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Why are these schools banning meat? Check out the environmental and health logic behind the decision to go plant-based in the canteen

A school in California has become the first in the United States to switch to a 100% plant-based menu in a big win for the environment and for the health of the students.

MUSE is a private school that was founded in 2006 by actress and environmental campaigner Suzy Amis Cameron and her sister. The duo have faced significant criticism from the move away from meat, including a 40% withdrawal of students by parents (the numbers have since recovered).

Regardless of whether you applaud the school's actions or not, it presents an interesting example of how organisations, communities, companies and individuals all around the world are increasingly making the connection between what we eat and the health of our environment.

“MUSE’s commitment to sustainability is like no other. We use every opportunity to inspire our students to be stewards of the earth.”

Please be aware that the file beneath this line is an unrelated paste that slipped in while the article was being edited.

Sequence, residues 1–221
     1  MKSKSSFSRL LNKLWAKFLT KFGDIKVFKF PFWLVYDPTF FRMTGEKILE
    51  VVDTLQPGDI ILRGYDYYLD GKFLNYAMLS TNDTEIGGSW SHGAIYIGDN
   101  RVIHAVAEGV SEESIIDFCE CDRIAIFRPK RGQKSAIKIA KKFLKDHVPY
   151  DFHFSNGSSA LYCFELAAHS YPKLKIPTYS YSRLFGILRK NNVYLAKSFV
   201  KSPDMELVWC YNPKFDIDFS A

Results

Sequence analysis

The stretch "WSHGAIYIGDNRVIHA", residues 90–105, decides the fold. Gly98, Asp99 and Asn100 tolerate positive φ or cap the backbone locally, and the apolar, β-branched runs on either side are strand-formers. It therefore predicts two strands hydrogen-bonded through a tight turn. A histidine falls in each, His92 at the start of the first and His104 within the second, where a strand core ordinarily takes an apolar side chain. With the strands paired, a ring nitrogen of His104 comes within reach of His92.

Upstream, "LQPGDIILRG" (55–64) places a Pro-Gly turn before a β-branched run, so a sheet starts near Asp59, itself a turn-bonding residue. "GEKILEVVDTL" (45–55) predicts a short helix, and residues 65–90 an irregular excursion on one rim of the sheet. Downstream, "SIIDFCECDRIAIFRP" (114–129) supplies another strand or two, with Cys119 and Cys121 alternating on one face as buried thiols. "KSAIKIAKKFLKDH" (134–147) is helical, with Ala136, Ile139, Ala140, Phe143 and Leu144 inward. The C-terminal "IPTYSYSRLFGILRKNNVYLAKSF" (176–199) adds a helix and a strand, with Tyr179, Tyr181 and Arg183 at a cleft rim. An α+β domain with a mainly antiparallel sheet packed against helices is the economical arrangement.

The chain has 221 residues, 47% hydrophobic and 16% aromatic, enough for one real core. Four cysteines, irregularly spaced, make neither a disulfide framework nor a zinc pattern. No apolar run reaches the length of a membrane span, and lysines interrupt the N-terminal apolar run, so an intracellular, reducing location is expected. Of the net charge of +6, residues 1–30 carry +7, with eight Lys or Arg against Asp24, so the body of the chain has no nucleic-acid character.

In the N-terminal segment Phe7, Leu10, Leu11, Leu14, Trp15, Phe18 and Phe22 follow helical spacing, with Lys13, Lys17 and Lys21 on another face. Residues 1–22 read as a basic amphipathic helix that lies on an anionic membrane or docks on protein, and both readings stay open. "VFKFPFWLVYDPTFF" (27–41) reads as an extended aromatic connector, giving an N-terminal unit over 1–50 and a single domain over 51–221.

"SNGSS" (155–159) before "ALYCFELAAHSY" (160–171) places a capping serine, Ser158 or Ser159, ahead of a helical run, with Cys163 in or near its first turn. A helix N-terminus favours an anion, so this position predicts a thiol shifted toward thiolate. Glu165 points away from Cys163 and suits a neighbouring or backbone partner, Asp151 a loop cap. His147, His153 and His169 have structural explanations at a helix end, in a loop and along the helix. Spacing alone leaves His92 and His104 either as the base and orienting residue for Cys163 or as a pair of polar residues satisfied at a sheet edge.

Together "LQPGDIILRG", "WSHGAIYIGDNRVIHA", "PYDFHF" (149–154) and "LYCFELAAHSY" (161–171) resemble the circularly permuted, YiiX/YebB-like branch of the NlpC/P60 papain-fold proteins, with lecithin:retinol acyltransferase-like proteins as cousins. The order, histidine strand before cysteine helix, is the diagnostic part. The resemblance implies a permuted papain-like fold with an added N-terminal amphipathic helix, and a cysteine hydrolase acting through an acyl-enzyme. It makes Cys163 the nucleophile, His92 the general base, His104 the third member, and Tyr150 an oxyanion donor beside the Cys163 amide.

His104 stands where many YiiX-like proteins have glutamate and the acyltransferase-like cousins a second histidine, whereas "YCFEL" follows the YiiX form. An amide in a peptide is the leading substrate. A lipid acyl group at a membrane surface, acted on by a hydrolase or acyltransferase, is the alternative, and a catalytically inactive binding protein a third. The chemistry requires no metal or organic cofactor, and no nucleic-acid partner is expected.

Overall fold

- Head of Scholl Jeff King

RELATED: Read more about why teaching farming in schools is great for kids (and the planet).

According to The Guardian, "the move to a vegan diet was prompted not by ethical or animal rights concerns (hence its preference for the term "plant-based" rather than vegan and no rules banning leather shoes), but by a belief that the school could not live up to its founding principle of environmental sustainability and maintain an animal diet."

“We teach our students how much more land and water are needed to produce a pound of beef versus grain, and we couldn’t truly call ourselves sustainable without eating this way.”
- Head of school Jeff King

The school already sources a large amount of food from its gardens, a trend being adopted by institutions all around the world.

As the Guardian reports, "With the plant-based menu now in place for two months, and students – who helped road-test the dishes – enjoying meals such as burritos, vegetarian chilli and lemon garlic pasta, food at MUSE has become a non-issue."

What do you think? Would you like to see schools in your area go meat-free? Let us know in the comments below!

[Images: MUSE]

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